If you find yourself wanting to make specific customizations, you will need a bit of coding knowledge in the Markdown language arena. If that sounds intimidating to you, don't worry. It's an easy coding language to get a handle on and there are tons of great tutorials out there.

Hosting is also a cinch... and affordable!

If you want to self-host the site with any major provider, you can. It's open-source and freely distributed. You just have to install it on your server and you're off.

I decided to host with Ghost itself and their GhostPro service. $36 dollars a month was a much smaller sum to pay than the $100 a month I paid Kinsta for their WordPress hosting.

Now, yes, I know I could have gotten cheaper WP hosting, but I know how those sites work, from the server all the way to the end-user. For fast and reliable WP hosting, Kinsta is far and away the best provider I found that had the capabilities to do what I wanted.

It turns out that GhostPro gives me the same fast and reliable service, but costs 64% less.

The membership platform is built in... and it doesn't take a dime from you!

This alone made me salivate when I found the features page.

Not only was I getting a very aesthetically pleasing publishing platform, but they also won't take a dime from me other than the hosting service?

SOLD! Goodbye Gumroad and Patreon, with your 3.5%+ cut of MY profits!

Note: I still use Gumroad for a storefront/shopping cart. It's a pretty nifty platform, but once Ghost implements a solid ecommerce solution it'll become unnecessary.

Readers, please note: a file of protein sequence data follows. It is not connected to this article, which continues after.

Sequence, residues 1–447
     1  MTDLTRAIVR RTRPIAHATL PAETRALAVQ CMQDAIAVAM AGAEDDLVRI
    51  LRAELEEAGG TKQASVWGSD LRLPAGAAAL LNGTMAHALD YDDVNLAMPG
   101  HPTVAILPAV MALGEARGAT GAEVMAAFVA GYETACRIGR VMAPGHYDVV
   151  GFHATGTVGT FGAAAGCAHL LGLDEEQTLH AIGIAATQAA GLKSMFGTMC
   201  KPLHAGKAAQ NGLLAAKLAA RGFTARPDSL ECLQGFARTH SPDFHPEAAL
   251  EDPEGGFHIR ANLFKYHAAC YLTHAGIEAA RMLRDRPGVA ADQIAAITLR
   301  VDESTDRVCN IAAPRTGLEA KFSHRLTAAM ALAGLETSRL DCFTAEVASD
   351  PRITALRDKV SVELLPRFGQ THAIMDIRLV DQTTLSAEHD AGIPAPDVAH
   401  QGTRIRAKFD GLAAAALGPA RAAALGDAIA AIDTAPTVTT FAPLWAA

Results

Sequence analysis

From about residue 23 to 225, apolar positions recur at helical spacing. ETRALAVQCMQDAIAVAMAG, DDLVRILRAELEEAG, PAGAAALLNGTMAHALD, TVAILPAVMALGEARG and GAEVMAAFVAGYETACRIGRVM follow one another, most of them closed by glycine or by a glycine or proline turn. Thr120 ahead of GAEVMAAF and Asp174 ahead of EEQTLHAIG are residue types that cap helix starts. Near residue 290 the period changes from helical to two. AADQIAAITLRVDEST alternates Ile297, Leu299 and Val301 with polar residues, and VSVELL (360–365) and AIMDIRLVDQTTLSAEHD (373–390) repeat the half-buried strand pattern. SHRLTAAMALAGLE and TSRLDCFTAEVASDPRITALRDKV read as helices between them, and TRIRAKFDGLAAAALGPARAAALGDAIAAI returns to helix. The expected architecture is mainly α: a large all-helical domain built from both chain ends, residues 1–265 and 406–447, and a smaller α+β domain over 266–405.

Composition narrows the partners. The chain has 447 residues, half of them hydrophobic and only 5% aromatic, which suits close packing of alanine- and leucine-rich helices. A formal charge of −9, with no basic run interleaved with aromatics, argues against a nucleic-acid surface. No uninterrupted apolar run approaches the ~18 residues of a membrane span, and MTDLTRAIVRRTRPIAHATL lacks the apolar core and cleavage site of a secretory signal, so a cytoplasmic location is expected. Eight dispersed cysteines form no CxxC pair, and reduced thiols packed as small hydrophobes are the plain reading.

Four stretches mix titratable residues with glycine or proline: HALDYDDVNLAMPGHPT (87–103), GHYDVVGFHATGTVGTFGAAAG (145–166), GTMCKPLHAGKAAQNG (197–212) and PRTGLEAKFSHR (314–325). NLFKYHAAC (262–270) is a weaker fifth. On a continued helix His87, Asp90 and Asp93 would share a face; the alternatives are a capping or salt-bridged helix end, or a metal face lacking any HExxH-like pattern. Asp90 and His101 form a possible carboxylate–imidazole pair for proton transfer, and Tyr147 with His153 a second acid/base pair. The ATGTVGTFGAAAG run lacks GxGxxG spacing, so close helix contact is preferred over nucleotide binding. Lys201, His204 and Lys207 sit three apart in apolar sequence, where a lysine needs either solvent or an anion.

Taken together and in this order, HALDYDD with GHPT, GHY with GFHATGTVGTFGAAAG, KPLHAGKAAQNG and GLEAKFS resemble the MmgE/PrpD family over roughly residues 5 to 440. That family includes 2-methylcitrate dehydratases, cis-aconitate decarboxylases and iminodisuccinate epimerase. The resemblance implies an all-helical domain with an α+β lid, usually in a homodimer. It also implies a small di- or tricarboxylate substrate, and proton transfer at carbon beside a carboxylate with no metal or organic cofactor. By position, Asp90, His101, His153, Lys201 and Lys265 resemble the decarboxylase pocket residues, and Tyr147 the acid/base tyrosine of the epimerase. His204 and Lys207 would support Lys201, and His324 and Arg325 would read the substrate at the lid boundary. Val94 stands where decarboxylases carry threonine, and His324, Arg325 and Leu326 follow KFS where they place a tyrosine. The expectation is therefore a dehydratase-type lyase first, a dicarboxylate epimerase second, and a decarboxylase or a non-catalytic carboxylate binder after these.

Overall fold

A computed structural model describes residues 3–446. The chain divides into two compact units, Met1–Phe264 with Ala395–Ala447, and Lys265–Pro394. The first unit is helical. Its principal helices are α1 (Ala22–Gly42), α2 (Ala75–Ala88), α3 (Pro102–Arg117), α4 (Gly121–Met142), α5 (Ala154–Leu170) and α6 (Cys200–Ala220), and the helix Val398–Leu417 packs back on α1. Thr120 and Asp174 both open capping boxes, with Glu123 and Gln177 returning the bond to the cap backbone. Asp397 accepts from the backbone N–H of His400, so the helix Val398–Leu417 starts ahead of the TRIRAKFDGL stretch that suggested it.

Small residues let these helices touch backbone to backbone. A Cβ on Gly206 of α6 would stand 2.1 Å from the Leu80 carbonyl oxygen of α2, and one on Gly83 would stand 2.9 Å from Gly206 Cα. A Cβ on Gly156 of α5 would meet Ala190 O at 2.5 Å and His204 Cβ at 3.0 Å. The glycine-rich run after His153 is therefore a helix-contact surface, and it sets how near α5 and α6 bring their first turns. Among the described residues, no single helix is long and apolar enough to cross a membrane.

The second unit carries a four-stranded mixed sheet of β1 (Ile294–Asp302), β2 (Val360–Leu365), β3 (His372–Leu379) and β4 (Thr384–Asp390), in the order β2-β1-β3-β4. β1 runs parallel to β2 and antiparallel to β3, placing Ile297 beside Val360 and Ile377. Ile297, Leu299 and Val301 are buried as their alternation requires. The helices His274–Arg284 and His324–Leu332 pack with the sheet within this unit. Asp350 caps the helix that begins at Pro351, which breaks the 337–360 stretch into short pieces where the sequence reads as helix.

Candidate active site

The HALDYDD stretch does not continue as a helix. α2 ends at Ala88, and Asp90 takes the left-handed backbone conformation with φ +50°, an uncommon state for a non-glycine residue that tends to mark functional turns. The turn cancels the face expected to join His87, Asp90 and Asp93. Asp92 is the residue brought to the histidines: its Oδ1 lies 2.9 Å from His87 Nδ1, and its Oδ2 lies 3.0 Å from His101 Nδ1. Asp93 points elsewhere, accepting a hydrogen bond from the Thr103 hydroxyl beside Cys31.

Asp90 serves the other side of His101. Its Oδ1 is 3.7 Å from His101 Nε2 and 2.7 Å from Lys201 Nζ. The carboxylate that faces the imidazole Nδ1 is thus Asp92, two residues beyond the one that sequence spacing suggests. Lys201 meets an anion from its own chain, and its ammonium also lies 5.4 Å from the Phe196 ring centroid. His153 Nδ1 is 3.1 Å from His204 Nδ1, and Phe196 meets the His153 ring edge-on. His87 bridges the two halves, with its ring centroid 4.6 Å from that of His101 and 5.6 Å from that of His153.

Off the shelf optimizations mean blazing fast load times.

Page sizes are extremely small, even with tricked out themes. Images get optimized on the fly. On GhostPro, they handle security, CDN, and your email traffic.

My load times never seem to creep past the dreaded 3 second mark, and I don't have to pay a ton of money for extra services to do it. It's baked right in.

The newsletter feature comes built-in, too.

Newsletters seem to be the "next big thing," so it's especially nice to have an easy to use newsletter feature that lets you send your latest post to your audience.

As I said above, if you're on any of the GhostPro plans they handle all your email traffic, ensuring it reaches the proper destination.

It "feels" like a publication and the creators follow an ethos that vibes with my own.

Ghost positions itself as a platform for publications and supporters of independent publishing. This rings very true to my own mission of encouraging people to overcome their fears and let their voices be heard.

It's open source nature and DIY mentality, combined with it's minimalistic aesthetics (both internal and external) speak to sweeping away the detritus and getting things done. That definitely resonates for me.

As an indie publisher, I like making comics, zines, and things of that nature. Ghost feels like a natural extension of that. The website is a great representation of my brand and feels like a zine itself.

I know if I find something I don't like, I have a voice with the development team.

Though Ghost has been around for a few years now, it still has a small market share compared to some of the monsters of the CMS world. Being a part of a smaller community is a positive in many ways.

For example, their developer forum is very active and the devs are responsive and engaged. That's a huge positive and also means you can help actively develop the platform even without knowing how to code. Feedback can be used to develop helpful features.

All in all, I'd say this has been a positive and easy change.

If you're looking for something a bit more minimal, focused on publishing, Ghost is a CMS I would definitely suggest checking out.